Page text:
Michiel Sikkes shared an article about The Passion Trap this week, which I think is a nice addition to the post by 37Signals:
The passion trap is a cycle: A pattern of beliefs, choices, and behaviors that are linked to each other. It’s a self-reinforcing pattern. Each of us has probably been a true believer in some great idea, some big idea. If I have an idea that I believe in strongly, that’s a core belief I have, so I make decisions and choices based on those beliefs. I also interpret data from the environment that tends to support my beliefs, and then I take actions, and those actions create some kind of results that can be evaluated.
There are two sneaky things about the passion trap, it tends to operate at a subconscious or unconscious level, so we’re often not aware that these cognitive biases or these filters are at work, and we actually believe that the world or the marketplace is confirming our thesis about the business.
via How to Avoid the Passion Trap.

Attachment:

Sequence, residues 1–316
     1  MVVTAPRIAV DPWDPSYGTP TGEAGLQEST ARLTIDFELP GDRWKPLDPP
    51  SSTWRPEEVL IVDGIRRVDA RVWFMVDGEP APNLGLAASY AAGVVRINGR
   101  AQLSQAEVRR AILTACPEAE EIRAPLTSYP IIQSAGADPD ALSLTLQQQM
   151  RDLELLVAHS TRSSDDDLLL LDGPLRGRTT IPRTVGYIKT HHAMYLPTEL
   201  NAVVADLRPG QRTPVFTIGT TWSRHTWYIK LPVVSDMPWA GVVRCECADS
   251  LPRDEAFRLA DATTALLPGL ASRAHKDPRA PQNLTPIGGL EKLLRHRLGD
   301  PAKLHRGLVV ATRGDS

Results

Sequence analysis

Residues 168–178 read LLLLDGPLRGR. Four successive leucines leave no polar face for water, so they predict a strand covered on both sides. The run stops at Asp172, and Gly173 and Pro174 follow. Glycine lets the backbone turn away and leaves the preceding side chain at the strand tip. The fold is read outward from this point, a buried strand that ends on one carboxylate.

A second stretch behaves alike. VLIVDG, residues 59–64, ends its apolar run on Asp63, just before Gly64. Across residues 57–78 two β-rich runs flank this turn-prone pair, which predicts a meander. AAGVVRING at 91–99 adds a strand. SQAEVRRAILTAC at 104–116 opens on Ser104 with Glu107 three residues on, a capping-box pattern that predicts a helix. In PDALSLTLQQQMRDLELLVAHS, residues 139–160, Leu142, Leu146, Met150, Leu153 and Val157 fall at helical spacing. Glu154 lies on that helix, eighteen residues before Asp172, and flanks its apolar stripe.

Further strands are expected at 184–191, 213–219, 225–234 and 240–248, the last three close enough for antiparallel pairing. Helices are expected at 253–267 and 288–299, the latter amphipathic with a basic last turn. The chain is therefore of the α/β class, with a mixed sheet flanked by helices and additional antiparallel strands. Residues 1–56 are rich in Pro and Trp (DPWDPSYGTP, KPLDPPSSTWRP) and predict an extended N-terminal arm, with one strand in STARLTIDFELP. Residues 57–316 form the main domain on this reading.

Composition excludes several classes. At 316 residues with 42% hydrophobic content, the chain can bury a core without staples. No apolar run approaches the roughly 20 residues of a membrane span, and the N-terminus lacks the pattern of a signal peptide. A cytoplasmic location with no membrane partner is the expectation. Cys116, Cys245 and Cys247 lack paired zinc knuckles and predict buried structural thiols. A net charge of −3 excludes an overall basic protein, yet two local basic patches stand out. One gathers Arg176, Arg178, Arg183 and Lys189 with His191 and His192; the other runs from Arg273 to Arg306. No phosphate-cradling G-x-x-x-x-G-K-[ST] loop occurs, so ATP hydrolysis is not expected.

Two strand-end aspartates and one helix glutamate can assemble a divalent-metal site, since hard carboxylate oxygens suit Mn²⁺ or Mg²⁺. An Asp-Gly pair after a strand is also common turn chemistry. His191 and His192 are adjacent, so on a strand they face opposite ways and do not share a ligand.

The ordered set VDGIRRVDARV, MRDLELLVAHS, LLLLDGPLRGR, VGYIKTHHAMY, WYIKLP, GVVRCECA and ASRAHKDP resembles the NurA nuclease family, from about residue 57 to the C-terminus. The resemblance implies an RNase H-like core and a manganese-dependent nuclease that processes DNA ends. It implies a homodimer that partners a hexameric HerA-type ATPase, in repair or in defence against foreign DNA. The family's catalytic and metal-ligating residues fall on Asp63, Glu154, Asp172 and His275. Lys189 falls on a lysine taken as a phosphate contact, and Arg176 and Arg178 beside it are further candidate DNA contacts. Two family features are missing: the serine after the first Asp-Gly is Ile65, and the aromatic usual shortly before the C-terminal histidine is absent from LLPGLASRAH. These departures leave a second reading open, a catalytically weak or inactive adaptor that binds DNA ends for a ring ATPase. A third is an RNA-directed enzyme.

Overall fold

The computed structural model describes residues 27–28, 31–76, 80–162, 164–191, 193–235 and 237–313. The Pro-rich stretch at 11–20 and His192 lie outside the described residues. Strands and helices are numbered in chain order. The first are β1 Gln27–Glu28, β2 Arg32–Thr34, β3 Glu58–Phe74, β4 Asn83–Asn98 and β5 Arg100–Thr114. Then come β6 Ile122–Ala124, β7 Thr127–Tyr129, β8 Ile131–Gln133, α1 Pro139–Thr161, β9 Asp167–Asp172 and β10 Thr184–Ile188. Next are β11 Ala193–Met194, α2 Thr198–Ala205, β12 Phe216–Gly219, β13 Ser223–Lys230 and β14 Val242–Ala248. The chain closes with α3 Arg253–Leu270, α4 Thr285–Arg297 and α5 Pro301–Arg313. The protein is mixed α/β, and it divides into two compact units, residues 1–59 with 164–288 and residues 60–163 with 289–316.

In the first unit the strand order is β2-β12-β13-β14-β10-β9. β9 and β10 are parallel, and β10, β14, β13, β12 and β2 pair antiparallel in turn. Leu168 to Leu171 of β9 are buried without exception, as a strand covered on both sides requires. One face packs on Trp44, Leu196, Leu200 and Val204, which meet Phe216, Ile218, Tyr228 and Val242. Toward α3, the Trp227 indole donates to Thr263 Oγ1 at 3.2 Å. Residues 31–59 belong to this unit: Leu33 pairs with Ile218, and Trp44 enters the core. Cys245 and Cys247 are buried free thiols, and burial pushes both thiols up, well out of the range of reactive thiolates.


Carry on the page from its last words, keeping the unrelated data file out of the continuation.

Maybe it just comes down to ‘Keep it real’. Be passionate, but try to keep thinking outside your comfort zone. In the end I’m a strong believer that the opportunity to follow your passion in your work is a great gift you should grab with both hands.
“When you’re the janitor, reasons [why you failed] matter,” Jobs tells newly minted VPs, according to Lashinsky.
“Somewhere between the janitor and the CEO, reasons stop mattering,” says Jobs, adding, that Rubicon is “crossed when you become a VP.”
I never really thought about it, but it is true that at a certain level it doesn’t matter anymore why you failed, but that you failed. No more excuses to anyone other than yourself. The reasons matter to you, so you can keep yourself from letting it happen again, but it does indeed matter less to your superiors or your investors.
In other words, you have no excuse for failure. You are now responsible for any mistakes that happen, and it doesn’t matter what you say.
via Steve Jobs On The Difference Between A Vice President And A Janitor.